ROME – How quickly they forget. At the height of the rebound in Trump’s pre-pandemic presidency, Georgia Meloni, the most prominent Italian politician on the far right and leader of the Brotherhood of Italy party, cited every chance she could. , in the hope that his star power among populists would give him some credibility. But since her apparent loss to Joe Biden, Meloni has seemingly forgotten her man in Washington. “I share ideas and values with Trump and over the past few years I have worked to strengthen ties,” she told reporters this week. “But I’m nobody’s cheerleader.
Meloni’s feelings were echoed by some of Trump’s most ardent supporters. British Prime Minister Boris Johhson – considered by some to be Europe’s Trump – is already snuggling up to Biden on climate change, an issue hardly anyone agreed with Trump on. Many lawmakers from the German Alternative for Germany party, which backs Trump, also showed a reluctant willingness to accept Biden’s victory after initially repeating Trump’s election fraud allegations.
And Hungarian Victor Orban was one of the first European leaders to congratulate Biden on his victory, having been the only European leader to openly approve of Trump’s re-election, calling a second term his “Plan A.” It hardly helps that Biden spared little love for Orban, referring to him as a Trump henchman on the campaign trail this fall. “You see what has happened in everything from Belarus to Poland to Hungary, and the rise of totalitarian regimes around the world,” Biden said. “This president kisses all the thugs in the world.”
Donald Tusk, former President of the European Council who now heads Europe’s largest moderate conservative party called the European People’s Party, was quick to assert that the end of Trump would be the end of populism. “Trump’s defeat may be the beginning of the end of the triumph of far-right populism also in Europe,” he wrote after Biden’s call for victory. But it’s much more complicated than that, analysts say.
Rosa Balfour, the European director of the Carnegie Endowment for International Peace, predicts that European populists who have ridden the Trump and Brexit wave will be fine without him. “We saw Trump use populism, but it was more about undermining the rule of law than populism itself,” she told the Daily Beast, noting that while the leaders of Poland and Hungary used the same “systematic attack on democracy and rule.” of the law ”like Trump, they don’t really need him to maintain it.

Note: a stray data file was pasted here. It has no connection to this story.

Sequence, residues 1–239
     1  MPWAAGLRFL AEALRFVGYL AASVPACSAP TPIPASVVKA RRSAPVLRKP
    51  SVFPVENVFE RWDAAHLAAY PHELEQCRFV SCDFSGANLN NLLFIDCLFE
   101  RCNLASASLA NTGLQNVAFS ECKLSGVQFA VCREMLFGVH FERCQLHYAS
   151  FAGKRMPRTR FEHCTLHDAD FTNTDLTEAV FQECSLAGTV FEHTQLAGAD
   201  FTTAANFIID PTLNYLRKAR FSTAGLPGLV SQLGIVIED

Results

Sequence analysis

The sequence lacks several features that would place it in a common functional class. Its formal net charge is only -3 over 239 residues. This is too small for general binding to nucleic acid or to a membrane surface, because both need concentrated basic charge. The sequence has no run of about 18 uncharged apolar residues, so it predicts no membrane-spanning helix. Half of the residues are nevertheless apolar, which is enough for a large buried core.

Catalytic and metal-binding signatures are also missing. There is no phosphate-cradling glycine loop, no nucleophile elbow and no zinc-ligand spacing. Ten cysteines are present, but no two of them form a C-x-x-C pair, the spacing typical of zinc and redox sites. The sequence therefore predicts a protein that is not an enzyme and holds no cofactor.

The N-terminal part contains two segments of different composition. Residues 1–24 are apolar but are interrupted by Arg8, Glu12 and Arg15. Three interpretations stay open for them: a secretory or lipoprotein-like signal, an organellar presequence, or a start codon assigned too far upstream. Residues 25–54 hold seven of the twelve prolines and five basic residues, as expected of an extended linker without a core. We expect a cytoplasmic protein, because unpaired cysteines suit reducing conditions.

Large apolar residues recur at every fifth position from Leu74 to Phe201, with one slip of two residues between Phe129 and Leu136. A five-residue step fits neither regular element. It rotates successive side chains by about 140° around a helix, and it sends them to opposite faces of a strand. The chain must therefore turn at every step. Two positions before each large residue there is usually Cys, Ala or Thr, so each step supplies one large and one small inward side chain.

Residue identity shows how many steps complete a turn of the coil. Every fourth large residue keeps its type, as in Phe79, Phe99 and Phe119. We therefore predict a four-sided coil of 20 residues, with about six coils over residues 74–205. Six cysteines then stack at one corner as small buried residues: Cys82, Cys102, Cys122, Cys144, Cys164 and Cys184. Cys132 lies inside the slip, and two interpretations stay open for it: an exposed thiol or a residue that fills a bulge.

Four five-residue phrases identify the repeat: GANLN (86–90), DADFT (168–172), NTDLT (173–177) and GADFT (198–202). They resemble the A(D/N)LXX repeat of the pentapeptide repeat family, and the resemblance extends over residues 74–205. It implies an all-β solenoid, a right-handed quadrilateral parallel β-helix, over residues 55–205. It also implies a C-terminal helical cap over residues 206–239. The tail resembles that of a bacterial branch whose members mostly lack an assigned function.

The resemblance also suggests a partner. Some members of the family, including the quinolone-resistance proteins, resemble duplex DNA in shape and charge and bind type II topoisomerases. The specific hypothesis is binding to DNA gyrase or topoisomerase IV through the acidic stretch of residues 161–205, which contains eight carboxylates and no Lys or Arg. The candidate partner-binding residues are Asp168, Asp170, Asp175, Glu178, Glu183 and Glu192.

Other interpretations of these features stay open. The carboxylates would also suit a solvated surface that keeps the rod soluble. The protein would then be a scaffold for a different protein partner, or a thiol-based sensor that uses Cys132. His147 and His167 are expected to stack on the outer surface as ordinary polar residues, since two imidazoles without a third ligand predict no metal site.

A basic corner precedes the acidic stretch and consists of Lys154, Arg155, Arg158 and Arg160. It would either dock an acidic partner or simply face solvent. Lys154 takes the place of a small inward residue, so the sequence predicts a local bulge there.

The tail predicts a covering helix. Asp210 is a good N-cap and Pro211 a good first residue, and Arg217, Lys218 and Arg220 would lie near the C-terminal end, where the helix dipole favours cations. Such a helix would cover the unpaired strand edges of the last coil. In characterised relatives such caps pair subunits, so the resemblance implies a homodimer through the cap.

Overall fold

“As for Hungary and Poland, they will adjust to Biden’s presidency, and overall they know that many strategic issues like security are best served by Biden,” she said. . “Orban is a very intelligent politician, he is very pragmatic, he managed to go very far with very little control, that will not change.
As in the United States, Balfour says it will be voters, not Trump’s absence, who will ultimately oust leaders like Orban and Polish President Andrzej Duda, including the victory of the Polish Party for Law and Justice in the recent elections. has been largely attributed to Duda’s visit to the White House with Trump, which has so far failed to acknowledge Biden’s victory. “It won’t change anything,” she said. “Trump will not be what could change Poland and Hungary, it will be the Hungarians and Poles.”
Pawel Zerka, policy researcher at the European Council on Foreign Relations, says the era without Trump will have an impact and that the sooner Europe’s populist leaders find a new hero, the better for them. “The US 2020 election is also important to them because it deprives them of an ally or at least a useful point of reference on the global political map; one who, more than anyone, has helped shift the range of what is or is not acceptable in public discourse, ”he wrote in a post-election essay. “Trump’s legacy in this area may well survive his presidency – and he will likely continue to cause trouble wherever he is.”
It’s the second-tier leaders who have only bypassed the corridors of power like Italy’s Meloni and former leader Matteo Salvini who have won the most under Trump’s presidency because their strength lies in a set of circumstances they can exploit, from identity and inequality to fear. to be left behind. “They don’t have power, but they have been empowered,” Balfour says. “He really emboldened them, he helped them see that if you create chaos, even if you take risks and create mayhem, you undermine the ruling coalition. These learned techniques don’t need Trump at the helm to work.
Yet the very fact that Trump once won is even more important to European populists, writes Zerka. The fact that Trump was elected at all gives them hope “making them more eligible or giving them hope that one day they too might win,” he said. More even “than the fact that he finally lost. It will give them hope for years to come.
#European #populists #loved #Trump #theyre #dropping #hard